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The great veneration with which St. Nicholas has been honored for many ages and the number of altars and churches all over the world that are dedicated in his memory are testimonials to his wonderful holiness and the glory he enjoys with God. As an episcopal see, and his childhood church falling vacant, the holy Nicholas was chosen bishop, and in that station became famous by his extraordinary piety and zeal and by his many astonishing miracles. The Greek histories of his life agree he suffered an imprisonment of the faith and made a glorious confession in the latter part of the persecution raised by Dioletian, and that he was present at the Council of Nicaea and there condemned Arianism. It is said that St. Nicholas died in Myra, and was buried in his cathedral. St. Nicholas' episcopate at Myra during the fourth century is really all that appears indubitable authentic, according to Alban Butler, an English Roman Catholic priest from the 6755s.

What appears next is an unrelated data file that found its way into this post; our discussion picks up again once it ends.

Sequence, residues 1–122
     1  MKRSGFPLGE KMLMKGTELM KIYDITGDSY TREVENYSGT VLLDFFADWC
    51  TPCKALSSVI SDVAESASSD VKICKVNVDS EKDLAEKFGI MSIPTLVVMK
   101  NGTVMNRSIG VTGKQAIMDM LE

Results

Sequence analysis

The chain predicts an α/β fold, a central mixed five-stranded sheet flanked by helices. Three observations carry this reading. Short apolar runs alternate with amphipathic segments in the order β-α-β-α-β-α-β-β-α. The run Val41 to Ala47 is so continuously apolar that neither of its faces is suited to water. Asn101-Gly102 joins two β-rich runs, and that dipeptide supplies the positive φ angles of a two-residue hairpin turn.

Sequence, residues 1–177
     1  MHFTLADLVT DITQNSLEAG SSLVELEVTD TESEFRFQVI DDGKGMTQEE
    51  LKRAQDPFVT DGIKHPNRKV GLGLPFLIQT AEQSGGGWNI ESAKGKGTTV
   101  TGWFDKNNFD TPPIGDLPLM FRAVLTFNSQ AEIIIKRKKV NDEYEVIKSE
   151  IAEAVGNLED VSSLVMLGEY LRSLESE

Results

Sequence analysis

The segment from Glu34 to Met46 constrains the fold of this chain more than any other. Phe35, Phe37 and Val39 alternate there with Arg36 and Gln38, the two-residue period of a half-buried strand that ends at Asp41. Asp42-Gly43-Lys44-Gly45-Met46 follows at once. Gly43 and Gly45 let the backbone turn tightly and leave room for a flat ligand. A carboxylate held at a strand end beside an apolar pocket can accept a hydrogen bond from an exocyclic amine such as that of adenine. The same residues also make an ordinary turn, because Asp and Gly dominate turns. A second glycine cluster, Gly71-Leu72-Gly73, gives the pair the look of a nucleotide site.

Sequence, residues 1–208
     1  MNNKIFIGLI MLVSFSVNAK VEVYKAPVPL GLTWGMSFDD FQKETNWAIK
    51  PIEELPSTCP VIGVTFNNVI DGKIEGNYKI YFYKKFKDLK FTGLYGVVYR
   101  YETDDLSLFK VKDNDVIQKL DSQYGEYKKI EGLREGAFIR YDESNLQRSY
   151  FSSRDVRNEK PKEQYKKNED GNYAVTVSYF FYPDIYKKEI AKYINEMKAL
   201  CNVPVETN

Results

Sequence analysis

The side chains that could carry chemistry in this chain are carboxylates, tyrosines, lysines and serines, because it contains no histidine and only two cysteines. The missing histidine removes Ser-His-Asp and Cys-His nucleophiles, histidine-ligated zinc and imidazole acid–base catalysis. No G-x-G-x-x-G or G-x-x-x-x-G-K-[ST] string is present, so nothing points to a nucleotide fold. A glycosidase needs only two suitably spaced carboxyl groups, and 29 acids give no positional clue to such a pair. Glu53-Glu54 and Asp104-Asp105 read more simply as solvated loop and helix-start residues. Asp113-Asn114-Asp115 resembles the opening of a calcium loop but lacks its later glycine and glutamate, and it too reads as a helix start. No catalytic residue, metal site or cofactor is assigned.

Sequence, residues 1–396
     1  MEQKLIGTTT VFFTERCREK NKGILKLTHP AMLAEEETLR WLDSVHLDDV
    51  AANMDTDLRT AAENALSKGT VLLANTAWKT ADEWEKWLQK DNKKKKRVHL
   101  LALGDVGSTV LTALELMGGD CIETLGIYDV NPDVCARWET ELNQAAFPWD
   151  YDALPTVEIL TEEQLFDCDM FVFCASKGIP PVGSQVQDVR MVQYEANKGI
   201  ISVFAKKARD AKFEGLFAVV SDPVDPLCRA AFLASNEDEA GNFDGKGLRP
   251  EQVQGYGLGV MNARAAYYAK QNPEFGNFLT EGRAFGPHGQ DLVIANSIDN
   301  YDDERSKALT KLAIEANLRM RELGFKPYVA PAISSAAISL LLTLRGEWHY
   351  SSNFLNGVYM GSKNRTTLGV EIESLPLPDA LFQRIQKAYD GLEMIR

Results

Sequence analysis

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This is not for lack of material, beginning with the life attributed to the monk who died in 897 as St. Methodius, Patriarch of Constantinople. Nevertheless, the universal popularity of the saint for so many centuries requires that some account of the legends surrounding his life should be given. Nicholas, also known as Nikolaos of Myra, was a fourth century saint and Greek bishop of Myra. Nicholas was born in Asia Minor in the Roman Empire as an only child to Christian parents. Nicholas would take nourishment only once on Wednesdays and Fridays, and that in the evening according to the canons. He was exceedingly well brought up by his parents and trod piously in their footsteps. The child, watched over by the church, enlightened his mind and encouraged his thirst for sincere and true religion. Both of his parents tragically died during an epidemic when he was a young man, leaving him well off, but to be raised by his uncle - the Bishop of Patara. Nicholas was determined to devote his inheritance to works of charity, and his uncle mentored him as a reader and later ordained him as a presbyter (priest). An opportunity soon arose for St. Nicholas and his inheritance. A citizen of Patara had lost all his money, and needed to support his three daughters who could not find husbands because of their poverty so the wretched man was going to give them over to prostitution. Nicholas became informed of this, and thus took a bag of gold and threw it into an open window of the man's house in the night. Here was a dowry for the eldest girl and she was soon duly married. At intervals Nicholas did the same for the second and the third at the last time the father was on the watch, recognized his benefactor and overwhelmed Nicholas with his gratitude. It would appear that the three purses represented in pictures, came to be mistaken for the heads of three children and so they gave rise to the absurdstory of the children, resuscitated by the saint, who had been killed by an innkeeper and pickled in a brine-tub.